There is a video on the Tesla website that shows something magical: a car driving itself through a foggy Silicon Valley suburb. The man in the driving seat, we are told, is there only ‘for legal reasons’. He is a lumpen spectator as his car manoeuvres through junctions, around traffic cones and back to its home. Monitors show what the robot car is seeing as it makes its way along the road. The car detects and classifies objects, putting coloured boxes around things like other cars, cyclists and road signs. If these things are moving, the software predicts their next steps. Ten years ago, a self-driving car seemed impossible, but here it is, driving past pedestrians who are happily unaware of the magic on their streets.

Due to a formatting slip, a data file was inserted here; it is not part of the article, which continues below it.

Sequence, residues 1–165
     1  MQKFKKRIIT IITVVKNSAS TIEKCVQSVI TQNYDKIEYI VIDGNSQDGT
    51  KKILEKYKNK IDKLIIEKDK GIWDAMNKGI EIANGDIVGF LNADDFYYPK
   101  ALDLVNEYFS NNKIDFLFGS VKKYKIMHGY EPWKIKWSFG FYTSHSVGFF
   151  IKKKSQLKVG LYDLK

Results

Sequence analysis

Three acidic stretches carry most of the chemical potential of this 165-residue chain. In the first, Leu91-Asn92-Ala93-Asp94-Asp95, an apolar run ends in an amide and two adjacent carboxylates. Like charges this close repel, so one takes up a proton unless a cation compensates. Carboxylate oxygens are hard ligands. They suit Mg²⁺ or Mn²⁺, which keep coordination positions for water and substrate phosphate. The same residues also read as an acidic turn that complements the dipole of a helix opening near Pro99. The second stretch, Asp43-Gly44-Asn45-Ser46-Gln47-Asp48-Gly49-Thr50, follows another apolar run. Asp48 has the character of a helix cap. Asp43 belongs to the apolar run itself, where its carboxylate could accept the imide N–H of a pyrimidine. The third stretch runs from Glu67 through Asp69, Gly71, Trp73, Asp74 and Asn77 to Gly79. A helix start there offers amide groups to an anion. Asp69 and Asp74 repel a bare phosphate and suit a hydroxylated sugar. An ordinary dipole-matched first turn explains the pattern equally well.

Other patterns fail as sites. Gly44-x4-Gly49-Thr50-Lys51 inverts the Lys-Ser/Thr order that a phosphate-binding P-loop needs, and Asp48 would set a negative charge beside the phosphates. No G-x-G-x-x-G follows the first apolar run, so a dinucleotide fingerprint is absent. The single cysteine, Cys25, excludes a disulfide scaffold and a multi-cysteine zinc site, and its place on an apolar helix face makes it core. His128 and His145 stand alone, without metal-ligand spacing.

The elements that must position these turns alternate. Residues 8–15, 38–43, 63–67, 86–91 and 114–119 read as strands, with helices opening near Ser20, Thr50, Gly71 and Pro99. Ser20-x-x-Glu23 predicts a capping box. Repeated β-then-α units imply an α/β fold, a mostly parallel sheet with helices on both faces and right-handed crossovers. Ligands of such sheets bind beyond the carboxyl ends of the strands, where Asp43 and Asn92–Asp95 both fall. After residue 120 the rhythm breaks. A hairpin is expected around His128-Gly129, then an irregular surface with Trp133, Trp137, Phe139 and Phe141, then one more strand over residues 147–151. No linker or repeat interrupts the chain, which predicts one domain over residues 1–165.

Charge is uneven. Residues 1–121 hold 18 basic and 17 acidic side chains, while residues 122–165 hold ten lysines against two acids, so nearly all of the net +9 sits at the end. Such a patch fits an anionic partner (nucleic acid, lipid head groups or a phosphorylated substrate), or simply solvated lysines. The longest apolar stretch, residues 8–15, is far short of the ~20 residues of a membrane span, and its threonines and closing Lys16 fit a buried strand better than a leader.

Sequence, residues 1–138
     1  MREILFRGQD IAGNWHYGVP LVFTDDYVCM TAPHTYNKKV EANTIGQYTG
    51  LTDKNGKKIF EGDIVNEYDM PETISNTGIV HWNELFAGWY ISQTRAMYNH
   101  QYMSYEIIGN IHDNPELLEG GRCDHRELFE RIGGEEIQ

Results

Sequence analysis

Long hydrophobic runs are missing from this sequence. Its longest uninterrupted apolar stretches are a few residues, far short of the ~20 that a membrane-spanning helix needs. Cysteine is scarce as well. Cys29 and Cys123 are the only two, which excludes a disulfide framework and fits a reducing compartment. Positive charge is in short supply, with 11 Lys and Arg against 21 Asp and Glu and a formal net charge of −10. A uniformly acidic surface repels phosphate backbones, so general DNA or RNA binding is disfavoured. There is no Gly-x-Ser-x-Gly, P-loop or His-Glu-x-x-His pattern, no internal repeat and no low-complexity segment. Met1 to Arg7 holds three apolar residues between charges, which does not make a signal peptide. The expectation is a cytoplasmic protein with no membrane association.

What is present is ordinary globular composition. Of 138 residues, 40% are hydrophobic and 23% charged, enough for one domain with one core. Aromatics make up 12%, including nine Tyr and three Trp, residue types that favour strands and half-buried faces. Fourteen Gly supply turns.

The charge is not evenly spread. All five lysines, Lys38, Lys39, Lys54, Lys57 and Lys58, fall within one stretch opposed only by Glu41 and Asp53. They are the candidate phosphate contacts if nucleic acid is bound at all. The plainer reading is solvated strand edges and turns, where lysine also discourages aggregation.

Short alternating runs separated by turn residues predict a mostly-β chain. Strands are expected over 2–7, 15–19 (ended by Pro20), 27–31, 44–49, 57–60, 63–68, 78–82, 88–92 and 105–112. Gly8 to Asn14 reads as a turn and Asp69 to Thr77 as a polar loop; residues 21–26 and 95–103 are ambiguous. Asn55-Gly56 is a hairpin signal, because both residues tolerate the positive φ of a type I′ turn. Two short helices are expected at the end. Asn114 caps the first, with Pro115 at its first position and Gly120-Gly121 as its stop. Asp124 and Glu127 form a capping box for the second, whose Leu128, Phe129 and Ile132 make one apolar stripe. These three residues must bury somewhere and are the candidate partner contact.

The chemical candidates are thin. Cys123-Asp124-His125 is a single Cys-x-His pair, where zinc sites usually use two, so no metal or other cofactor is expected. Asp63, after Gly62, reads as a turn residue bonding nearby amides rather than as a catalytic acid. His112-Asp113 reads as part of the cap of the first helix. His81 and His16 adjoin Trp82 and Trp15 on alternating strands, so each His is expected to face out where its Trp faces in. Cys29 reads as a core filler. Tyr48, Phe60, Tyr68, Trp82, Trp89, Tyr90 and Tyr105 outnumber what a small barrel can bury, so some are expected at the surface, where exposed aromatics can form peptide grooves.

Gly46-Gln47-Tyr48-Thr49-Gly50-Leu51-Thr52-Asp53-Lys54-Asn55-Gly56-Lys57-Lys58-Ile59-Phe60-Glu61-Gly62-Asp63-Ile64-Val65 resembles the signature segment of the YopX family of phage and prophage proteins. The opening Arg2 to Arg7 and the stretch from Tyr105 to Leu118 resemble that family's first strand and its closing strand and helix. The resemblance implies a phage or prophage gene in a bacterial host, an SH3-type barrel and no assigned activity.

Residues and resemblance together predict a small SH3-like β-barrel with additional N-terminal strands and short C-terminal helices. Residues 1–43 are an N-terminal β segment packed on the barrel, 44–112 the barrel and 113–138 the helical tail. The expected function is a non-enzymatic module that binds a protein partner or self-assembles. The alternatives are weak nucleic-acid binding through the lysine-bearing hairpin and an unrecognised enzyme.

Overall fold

Should we believe our eyes? Alongside the hype, we have seen high-profile failures. In May 2016, Joshua Brown died instantly when neither he nor his Tesla, which was in autopilot mode, saw a truck that was crossing the road ahead of him. Two years later, Elaine Herzberg was killed by a self-driving Uber while walking her bicycle across a road in Tempe, Arizona. The achievements of Uber, Tesla and Waymo (Google’s self-driving company) are extraordinary. But are they good enough? Are we ready to hand over control of our cars, and possibly our futures, to Silicon Valley?
A video on the website of a car company is an unreliable guide to the future. So too, unfortunately, is this book. Lawrence D Burns, who tells his story here with the help of journalist Christopher Shulgan, is a car man, a Detroit insider who lived through the